Tragedy of the Maillé Brézé
April 28th 1940 HMS Firedrake witnessed one of the worst tragedies
of the war. They were at lunch in the wardroom under orders to proceed
shortly to sea, when they heard a terrific explosion quite near.
The first officer to get on deck found that the ship next to them
the big French destroyer the Maillé Brézé, lying at anchor two and
a half cables from them, had, by the supreme misfortune torpedoed
herself. She was a ship of more than 2.400 tons, almost a light
cruiser, one of the heavy destroyers of the " Aigle "
torpedo tubes were not in line, but staggered on either side of
the ship. They were trained fore and aft in the normal rest position,
and by some almost incredible accident one of them had fired.
The safety mechanism had failed and torpedo had slithered along
the main deck, hitting the break of the fo'c'sle under the bridge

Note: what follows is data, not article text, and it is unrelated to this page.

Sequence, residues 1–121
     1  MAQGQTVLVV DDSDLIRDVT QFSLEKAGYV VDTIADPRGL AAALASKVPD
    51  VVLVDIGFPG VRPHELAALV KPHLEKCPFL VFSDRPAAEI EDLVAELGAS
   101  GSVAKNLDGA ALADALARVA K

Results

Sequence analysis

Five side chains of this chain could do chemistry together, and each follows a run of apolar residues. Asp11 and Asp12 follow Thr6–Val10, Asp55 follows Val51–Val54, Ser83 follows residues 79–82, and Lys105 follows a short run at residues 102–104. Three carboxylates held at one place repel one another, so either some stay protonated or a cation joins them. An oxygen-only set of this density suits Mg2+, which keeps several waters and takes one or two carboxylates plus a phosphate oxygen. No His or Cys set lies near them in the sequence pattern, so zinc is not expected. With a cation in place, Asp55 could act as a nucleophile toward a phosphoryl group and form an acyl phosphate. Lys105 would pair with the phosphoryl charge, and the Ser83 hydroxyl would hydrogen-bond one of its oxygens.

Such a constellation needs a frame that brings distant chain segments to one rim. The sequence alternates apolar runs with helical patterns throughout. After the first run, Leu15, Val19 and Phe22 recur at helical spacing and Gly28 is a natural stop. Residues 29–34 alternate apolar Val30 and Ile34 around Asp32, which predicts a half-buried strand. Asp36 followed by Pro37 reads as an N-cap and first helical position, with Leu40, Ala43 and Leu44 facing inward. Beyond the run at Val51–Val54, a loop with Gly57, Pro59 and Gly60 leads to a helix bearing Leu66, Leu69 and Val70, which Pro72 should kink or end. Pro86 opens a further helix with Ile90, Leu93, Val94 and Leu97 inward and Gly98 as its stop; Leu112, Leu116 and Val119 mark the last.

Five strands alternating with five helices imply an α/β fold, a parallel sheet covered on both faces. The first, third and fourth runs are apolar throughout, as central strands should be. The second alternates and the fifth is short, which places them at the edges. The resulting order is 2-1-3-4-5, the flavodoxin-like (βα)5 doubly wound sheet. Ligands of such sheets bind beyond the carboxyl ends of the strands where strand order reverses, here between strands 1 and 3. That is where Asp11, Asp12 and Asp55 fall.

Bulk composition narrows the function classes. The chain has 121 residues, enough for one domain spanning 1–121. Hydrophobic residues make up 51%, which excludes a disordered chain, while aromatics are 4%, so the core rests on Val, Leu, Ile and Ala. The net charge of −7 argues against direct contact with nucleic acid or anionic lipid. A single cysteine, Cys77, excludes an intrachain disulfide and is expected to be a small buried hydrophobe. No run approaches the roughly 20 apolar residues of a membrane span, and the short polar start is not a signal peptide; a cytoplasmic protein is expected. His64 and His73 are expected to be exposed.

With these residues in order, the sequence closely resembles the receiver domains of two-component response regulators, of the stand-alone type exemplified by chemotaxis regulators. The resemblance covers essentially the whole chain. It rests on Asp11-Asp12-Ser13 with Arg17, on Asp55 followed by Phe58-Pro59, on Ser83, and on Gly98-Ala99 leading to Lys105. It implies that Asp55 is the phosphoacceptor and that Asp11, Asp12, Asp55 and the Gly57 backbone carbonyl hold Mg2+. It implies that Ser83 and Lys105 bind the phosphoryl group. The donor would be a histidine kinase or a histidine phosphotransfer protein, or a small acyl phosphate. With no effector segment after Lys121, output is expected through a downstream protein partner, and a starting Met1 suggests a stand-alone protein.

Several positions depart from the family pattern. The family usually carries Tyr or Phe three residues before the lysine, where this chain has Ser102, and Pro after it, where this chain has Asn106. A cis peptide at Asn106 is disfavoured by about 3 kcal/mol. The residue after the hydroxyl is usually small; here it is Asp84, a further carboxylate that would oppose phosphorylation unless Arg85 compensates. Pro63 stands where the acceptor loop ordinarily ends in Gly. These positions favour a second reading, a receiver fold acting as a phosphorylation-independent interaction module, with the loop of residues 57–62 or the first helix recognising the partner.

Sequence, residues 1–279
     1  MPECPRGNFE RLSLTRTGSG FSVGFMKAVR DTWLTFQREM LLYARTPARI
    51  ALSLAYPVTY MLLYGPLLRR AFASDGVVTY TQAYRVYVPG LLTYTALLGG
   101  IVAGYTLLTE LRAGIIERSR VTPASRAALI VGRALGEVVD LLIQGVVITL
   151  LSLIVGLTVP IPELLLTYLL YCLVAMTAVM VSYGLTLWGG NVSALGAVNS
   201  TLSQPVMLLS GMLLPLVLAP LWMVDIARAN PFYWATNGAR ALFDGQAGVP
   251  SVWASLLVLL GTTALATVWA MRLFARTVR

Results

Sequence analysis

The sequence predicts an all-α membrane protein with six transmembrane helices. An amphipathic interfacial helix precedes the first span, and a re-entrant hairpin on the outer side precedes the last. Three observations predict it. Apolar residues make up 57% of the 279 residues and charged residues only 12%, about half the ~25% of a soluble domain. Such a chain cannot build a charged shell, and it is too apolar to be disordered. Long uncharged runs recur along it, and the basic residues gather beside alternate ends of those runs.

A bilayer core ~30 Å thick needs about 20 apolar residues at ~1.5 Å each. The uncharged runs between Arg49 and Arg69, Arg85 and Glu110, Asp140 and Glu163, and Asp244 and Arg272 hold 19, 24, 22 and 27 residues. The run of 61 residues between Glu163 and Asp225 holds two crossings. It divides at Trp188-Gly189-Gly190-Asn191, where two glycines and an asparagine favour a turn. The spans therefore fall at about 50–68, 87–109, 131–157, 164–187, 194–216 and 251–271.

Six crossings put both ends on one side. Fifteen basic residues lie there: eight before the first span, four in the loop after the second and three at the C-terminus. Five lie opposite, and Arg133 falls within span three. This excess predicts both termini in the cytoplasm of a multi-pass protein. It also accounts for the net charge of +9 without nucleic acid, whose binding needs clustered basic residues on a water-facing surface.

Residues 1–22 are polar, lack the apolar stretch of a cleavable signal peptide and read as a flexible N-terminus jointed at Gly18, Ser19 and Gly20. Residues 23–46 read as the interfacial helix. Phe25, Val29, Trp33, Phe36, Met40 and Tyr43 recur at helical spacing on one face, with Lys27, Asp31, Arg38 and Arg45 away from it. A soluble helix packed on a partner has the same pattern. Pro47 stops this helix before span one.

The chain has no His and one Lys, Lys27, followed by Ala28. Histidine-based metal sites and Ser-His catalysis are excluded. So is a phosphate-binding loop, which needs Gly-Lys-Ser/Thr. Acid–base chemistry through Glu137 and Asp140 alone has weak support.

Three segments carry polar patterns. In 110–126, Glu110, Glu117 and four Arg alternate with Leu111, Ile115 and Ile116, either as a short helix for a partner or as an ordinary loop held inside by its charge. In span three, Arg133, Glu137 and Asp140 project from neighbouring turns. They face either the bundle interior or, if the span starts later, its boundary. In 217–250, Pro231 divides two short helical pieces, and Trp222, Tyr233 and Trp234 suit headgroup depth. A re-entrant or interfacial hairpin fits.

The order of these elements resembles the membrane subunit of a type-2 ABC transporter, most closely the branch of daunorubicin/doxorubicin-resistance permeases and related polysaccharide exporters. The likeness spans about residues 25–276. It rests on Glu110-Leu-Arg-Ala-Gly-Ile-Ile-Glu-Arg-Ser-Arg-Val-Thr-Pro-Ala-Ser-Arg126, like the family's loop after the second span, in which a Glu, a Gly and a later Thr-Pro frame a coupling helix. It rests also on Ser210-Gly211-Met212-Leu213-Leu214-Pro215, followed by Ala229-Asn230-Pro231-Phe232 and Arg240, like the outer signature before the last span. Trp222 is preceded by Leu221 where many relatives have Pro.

structure. The explosion which they had heard in the wardroom had
wrecked the whole forepart of the ship, and set fire to the fuel
oil and everything combustible and ultimately, the forward magazine.
men were killed by the first violent explosion. But many others
were trapped because the entrance and exits to the mess-decks were
just a mass of bent and twisted steel engulfed in flames.
On the Firedrake there was not a moments hesitation. Both the whalers
were in the water almost before the first shock of the explosion
had died away. The First Lieutenant took one, and the Sub, the Doctor
and the coxswain took the other.
There were men on the deck of the fo'c'sle of the Maillé Brézé so